Brands can spin feedback – even negative – into positive results, says Bazaarvoice in the latest edition [pdf] of its Conversation Index. 7 in 10 survey respondents indicated that a brand’s response to an online consumer review changes their perception of a brand, most commonly by making them feel that the brand really cares about customers (41%), that it has great customer service (35%), and that it is trustworthy (22%). What’s more, shoppers who read brand responses to negative reviews showed significantly higher product sentiment and intent to purchase.
There are different types of negative feedback, of course, which require different responses from brands. Even so, brand responses appear to increase sentiment in each scenario.
To test the impact of brand responses, Bazaarvoice divided its survey respondents into 2 groups: a control group (that comprised half of the sample) which saw negative reviews for a variety of products; and a test group which saw the same reviews, but also with a company response.
The results indicate that:
- Compared to the control group, shoppers who saw a review response that contained guidance explanations for product misuse had a 186% higher purchase intent and a 157% higher product sentiment;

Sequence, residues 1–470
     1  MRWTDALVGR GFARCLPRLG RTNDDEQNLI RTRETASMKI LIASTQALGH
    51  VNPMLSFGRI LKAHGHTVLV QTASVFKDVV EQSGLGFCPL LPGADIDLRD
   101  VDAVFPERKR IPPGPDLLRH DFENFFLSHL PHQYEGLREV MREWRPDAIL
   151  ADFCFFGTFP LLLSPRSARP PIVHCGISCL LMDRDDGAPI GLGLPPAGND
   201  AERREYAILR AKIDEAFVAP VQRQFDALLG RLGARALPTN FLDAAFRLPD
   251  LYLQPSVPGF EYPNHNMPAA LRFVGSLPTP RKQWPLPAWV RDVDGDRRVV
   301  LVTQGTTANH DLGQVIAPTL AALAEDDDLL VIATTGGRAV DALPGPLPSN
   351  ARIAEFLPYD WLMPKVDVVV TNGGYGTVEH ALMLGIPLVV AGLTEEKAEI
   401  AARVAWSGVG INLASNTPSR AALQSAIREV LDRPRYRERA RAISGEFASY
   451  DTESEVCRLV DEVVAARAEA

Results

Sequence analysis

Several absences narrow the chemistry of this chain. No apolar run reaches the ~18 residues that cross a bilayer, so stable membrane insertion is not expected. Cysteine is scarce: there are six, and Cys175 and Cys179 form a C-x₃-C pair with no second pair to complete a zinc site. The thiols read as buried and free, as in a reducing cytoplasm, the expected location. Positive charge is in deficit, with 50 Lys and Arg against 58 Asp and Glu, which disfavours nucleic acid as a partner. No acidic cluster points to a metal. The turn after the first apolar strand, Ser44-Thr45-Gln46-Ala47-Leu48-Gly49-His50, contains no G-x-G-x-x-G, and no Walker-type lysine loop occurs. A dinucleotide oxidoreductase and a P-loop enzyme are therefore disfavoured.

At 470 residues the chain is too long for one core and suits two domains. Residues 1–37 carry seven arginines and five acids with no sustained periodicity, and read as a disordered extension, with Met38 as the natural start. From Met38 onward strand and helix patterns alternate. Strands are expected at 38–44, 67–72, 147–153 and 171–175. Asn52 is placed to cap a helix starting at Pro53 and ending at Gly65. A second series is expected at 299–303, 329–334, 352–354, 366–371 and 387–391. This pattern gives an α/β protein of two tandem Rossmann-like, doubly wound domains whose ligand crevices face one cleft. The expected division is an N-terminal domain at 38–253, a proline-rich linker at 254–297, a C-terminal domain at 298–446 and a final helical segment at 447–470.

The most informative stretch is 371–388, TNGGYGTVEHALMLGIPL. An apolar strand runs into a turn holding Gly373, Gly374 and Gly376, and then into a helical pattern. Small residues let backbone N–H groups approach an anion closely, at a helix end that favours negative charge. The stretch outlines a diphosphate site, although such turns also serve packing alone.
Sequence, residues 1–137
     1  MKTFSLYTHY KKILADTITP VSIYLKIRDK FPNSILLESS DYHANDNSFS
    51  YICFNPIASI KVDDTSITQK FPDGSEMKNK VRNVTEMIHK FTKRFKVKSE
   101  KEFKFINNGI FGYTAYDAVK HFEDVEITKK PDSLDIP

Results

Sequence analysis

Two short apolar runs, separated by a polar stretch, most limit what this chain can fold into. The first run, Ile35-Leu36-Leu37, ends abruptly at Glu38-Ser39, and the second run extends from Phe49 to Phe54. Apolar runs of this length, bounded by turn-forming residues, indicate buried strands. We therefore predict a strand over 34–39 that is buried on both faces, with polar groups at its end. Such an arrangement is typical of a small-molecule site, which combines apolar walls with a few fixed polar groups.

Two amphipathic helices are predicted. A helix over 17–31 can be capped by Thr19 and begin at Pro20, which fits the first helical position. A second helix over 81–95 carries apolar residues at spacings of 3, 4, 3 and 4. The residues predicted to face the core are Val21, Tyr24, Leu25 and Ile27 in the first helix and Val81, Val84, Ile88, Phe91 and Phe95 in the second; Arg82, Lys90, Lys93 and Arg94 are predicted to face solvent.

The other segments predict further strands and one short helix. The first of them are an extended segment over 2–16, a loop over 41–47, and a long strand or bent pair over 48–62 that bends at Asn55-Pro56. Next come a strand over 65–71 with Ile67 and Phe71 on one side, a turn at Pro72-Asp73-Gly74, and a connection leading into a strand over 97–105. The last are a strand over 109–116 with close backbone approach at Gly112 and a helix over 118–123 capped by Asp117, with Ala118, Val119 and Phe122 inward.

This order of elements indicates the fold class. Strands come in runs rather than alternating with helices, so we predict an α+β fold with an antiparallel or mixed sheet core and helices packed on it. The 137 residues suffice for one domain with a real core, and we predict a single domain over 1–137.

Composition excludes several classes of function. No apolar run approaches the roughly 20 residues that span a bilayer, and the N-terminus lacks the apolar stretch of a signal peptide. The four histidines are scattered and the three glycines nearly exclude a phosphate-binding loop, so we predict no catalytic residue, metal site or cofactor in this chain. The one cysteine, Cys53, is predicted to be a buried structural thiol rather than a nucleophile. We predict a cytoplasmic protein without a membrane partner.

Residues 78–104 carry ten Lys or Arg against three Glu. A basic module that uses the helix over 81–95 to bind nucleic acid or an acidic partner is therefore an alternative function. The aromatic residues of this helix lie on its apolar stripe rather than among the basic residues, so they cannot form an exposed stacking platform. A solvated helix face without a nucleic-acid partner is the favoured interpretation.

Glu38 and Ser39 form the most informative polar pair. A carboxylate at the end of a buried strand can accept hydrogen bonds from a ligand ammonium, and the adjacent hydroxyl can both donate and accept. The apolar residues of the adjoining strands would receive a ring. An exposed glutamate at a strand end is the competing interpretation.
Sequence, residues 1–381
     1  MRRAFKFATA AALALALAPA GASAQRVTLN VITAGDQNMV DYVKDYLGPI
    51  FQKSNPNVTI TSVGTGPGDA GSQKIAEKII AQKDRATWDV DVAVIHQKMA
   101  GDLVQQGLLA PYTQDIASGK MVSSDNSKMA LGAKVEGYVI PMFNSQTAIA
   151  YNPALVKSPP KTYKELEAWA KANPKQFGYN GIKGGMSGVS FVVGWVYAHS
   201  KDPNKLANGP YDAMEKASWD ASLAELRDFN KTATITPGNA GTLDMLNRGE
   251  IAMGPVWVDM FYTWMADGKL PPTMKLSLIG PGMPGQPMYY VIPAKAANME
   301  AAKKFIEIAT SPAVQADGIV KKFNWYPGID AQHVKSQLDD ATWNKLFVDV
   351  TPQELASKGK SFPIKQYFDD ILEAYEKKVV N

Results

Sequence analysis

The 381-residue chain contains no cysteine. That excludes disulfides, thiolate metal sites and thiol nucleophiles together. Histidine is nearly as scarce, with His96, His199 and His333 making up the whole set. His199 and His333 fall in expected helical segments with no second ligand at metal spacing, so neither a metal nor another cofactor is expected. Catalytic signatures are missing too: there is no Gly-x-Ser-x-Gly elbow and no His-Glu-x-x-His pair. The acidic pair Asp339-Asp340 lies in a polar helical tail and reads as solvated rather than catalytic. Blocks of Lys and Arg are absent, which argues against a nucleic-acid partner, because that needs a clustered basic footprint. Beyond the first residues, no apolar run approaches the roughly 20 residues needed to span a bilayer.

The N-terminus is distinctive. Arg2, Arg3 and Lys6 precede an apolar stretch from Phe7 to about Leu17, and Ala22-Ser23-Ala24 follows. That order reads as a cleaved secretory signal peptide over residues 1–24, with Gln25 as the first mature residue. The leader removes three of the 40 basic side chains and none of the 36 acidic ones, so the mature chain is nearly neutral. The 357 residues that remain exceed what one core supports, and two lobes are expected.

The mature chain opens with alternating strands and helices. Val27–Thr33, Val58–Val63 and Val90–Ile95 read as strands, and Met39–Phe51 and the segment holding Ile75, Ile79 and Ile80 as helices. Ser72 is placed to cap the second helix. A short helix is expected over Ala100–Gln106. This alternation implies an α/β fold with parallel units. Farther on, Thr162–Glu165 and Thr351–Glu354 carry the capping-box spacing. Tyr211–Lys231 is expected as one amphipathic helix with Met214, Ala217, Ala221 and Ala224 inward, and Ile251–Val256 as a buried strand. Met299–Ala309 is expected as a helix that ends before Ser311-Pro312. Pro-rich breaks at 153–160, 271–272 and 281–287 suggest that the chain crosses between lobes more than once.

- Those who saw brand responses offering to refund, upgrade, or exchange products demonstrated 92% higher purchase intent and 88% higher product sentiment; and
- Shoppers who read responses suggesting additional steps (such as contacting customer service) had an 89% higher intent to purchase and an 89% higher product sentiment.
In a separate analysis of more than 100,000 reviews in its network, Bazaarvoice found that reviews with brand responses were considerably more likely to be voted helpful than those without responses. In the health and beauty sector, for example, reviews with responses were 15 times more likely to be voted helpful, although the gap was smaller in the consumer electronics vertical, where such reviews were twice as likely to be voted helpful.
About the Data: Bazaarvoice commissioned a survey of 1,600 nationally representative US adults aged 18 and older.